- Plan all the way through successful adoption. It seems natural to plan a VoIP deployment through, well, the deployment. But the success of the project also depends on the successful adoption of the technology. Address the potential need for additional employee training and other measures that will improve adoption rates.
- Outline potential risks. No project goes exactly as planned. Before you start, take the time to predict the challenges you might face, and document the possible solutions. You may even identify issues that you can address before the deployment gets underway, saving headaches down the road.
#5. Evaluate Potential VoIP Providers
Communication powers your business, so it’s crucial to select the right VoIP provider. Don’t choose based on price alone. Look for an enterprise-level provider with a solid track record of working with companies like yours. The ideal provider will offer the following:
- Business-class products and services: By now, you have a firm grasp of the features and functionality that you’d like to get from your VoIP provider, along with an idea of what new equipment you’ll need. Look for a provider who can deliver all that, at the business-class level. Even SMBs with only a few employees should use enterprise-level services.
- A long list of happy clients: Don’t be afraid to request references, ideally from customers who are about the same size or have similar communication needs as your company. Ask how long they’ve worked with the provider, what issues they’ve had with service, and how they would describe their implementation experience.
- Experience with industry-specific regulatory needs: If your industry is governed by any communication- or data-related regulations, it’s important to find a provider that understands these requirements. For example, in a healthcare setting, HIPAA applies to any digitally stored information related to someone’s health--which might include call or video recordings acquired and stored via your VoIP service.
- Self-management tools: Calling your provider every time you need to change a user is..so 2012 (not to mention potentially expensive). The best providers will certainly offer managed services, where they take care of everything. But they’ll also have a robust set of web-based tools such as portals that you can use to manage basic changes and updates for your communication system.
- A collaborative, creative approach: Your company’s communication needs are unique. You need a VoIP provider who understands those needs and translates them into a comprehensive, cost-effective solution. The right provider won’t try to force you into a one-size-fits-all communication system, but will think creatively to come up with the right VoIP options for you. They’ll walk you through everything from choosing the right phone equipment, to deciding whether you need a hosted or on-premise solution.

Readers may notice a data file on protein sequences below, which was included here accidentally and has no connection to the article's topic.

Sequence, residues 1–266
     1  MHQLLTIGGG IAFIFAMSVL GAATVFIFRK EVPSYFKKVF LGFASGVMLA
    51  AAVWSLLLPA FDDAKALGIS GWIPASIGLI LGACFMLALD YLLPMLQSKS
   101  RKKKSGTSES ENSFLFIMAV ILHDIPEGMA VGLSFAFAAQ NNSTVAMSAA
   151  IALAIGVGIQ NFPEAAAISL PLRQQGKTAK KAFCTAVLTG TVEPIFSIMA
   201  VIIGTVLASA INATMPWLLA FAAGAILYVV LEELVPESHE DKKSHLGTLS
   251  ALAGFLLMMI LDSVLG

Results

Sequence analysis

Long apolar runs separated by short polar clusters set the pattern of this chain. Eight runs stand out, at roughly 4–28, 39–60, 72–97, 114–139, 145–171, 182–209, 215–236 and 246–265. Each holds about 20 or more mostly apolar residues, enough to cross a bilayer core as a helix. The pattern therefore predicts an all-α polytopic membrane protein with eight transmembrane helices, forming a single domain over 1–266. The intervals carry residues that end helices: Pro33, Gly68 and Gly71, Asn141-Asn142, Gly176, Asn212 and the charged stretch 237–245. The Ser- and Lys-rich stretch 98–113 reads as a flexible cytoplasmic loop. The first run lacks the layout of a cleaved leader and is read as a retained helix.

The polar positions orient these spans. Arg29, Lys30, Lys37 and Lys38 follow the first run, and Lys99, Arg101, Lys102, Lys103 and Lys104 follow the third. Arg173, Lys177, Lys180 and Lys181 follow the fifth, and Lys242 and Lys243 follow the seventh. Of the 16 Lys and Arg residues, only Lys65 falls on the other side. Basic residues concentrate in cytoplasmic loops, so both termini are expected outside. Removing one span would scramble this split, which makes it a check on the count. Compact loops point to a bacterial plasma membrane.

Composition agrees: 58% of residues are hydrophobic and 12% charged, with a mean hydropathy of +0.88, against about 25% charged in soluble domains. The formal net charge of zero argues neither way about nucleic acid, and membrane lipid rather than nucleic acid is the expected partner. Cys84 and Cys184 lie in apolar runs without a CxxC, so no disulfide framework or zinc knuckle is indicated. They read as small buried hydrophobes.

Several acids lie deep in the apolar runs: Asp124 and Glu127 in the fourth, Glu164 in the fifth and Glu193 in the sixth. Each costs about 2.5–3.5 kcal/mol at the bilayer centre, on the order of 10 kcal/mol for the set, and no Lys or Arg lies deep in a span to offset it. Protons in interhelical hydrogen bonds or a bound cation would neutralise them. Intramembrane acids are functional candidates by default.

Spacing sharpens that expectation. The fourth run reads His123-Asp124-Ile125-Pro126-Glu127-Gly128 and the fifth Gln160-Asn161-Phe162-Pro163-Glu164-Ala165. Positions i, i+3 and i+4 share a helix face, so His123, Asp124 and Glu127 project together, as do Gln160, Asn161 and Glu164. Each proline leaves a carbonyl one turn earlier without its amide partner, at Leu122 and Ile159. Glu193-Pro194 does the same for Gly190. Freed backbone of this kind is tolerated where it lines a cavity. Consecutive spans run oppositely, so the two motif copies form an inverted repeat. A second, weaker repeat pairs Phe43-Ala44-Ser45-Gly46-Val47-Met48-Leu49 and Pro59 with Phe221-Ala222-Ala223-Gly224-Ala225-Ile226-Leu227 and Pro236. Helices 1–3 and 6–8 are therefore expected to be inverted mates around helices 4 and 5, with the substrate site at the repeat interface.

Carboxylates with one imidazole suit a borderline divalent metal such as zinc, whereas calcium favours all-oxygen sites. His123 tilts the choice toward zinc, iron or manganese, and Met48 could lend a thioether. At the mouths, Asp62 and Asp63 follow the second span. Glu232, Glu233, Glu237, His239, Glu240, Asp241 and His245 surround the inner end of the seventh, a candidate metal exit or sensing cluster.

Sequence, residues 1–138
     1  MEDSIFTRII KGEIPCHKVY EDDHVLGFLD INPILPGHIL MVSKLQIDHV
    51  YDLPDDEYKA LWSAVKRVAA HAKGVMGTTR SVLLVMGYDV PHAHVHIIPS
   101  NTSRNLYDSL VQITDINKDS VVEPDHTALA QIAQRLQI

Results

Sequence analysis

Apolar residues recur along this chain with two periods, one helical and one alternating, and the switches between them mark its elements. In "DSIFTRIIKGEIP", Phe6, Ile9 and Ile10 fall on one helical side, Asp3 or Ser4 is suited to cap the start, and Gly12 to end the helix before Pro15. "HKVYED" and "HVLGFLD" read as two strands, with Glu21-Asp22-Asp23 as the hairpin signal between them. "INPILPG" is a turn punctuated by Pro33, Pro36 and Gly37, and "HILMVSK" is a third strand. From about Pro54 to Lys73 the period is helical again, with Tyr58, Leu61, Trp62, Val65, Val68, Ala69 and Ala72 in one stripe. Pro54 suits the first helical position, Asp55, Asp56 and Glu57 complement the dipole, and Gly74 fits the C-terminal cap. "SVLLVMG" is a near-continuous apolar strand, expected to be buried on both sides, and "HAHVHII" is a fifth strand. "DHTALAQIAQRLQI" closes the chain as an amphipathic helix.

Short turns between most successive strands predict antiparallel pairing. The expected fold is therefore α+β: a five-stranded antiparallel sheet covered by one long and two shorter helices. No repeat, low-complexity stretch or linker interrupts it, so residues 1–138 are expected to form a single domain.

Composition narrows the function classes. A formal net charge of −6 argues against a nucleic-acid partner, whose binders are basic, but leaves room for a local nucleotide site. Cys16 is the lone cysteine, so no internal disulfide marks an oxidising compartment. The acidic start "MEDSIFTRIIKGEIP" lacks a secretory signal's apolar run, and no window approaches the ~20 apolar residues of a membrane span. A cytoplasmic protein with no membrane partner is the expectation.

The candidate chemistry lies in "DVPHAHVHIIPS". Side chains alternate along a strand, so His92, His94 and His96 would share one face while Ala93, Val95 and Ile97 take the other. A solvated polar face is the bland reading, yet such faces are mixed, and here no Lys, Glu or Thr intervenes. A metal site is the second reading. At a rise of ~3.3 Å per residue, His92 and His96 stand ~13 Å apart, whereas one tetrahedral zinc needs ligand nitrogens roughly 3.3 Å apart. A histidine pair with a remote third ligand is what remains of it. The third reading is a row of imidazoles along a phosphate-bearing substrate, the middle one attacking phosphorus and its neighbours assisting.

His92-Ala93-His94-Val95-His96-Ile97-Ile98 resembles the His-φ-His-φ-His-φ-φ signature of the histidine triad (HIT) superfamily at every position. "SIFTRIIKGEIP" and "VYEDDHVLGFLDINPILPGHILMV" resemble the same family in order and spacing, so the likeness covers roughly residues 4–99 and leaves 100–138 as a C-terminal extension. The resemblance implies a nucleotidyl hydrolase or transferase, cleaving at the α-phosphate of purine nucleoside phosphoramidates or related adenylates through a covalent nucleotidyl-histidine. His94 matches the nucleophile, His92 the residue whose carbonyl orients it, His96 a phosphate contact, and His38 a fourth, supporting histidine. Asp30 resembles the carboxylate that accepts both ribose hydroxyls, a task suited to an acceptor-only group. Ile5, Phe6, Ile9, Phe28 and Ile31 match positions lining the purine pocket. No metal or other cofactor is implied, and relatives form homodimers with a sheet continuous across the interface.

- Ongoing support: Your VoIP provider will play a key role on cutover day, but what about afterward? Will the provider take an active role in training your staff on all this new technology? Does the provider offer 24/7 support in case your phone system goes down?
#6. Design Your Solution
Your service provider should take a leading role in designing your VoIP phone system. It’s important to know that transitioning to VoIP doesn’t always require you to start from scratch with all-new equipment. That “rip-and-replace” approach is certainly an option if you’re working with truly antiquated equipment, but most companies opt for a more intermediate option. Together, you can make some fundamental decisions.
Hosted vs On-Premise
One great benefit of VoIP is that you can keep your system on-premise (on-prem) or have it hosted by your VoIP provider. Also known as a cloud-based phone system, a hosted PBX is a great solution for businesses of any size. It can be scaled quickly, and the VoIP provider handles all maintenance, upgrades, and data security. If you have remote workers, a hosted PBX is also a good option since it can be accessed from anywhere with an internet connection.
An on-prem system might be preferable for businesses that have large call centers or other extensive communication needs. It might also be ideal if you’d prefer to maintain full control over your equipment and data. For instance, financial institutions might need an on-prem system because their communications might involve customers’ sensitive personal data.
CAPEX vs OPEX
Most VoIP implementations will require at least some new equipment, and many businesses treat it as an opportunity to upgrade their entire communication system. That can represent a considerable investment. Some companies might prefer to structure this as a capital expenditure (CAPEX) and purchase all the equipment outright.